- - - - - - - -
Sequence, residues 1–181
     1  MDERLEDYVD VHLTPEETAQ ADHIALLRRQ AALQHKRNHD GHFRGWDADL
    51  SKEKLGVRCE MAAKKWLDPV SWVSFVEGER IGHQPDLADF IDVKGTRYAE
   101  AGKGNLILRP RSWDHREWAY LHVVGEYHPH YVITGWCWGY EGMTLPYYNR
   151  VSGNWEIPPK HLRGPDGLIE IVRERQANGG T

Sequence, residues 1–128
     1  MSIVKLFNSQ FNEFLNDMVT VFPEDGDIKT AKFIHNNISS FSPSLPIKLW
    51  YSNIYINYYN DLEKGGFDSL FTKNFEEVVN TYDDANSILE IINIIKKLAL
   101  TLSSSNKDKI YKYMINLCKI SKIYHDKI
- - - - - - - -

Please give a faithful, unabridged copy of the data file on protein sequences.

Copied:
Sequence, residues 1–181
     1  MDERLEDYVD VHLTPEETAQ ADHIALLRRQ AALQHKRNHD GHFRGWDADL
    51  SKEKLGVRCE MAAKKWLDPV SWVSFVEGER IGHQPDLADF IDVKGTRYAE
   101  AGKGNLILRP RSWDHREWAY LHVVGEYHPH YVITGWCWGY EGMTLPYYNR
   151  VSGNWEIPPK HLRGPDGLIE IVRERQANGG T

Sequence, residues 1–128
     1  MSIVKLFNSQ FNEFLNDMVT VFPEDGDIKT AKFIHNNISS FSPSLPIKLW
    51  YSNIYINYYN DLEKGGFDSL FTKNFEEVVN TYDDANSILE IINIIKKLAL
   101  TLSSSNKDKI YKYMINLCKI SKIYHDKI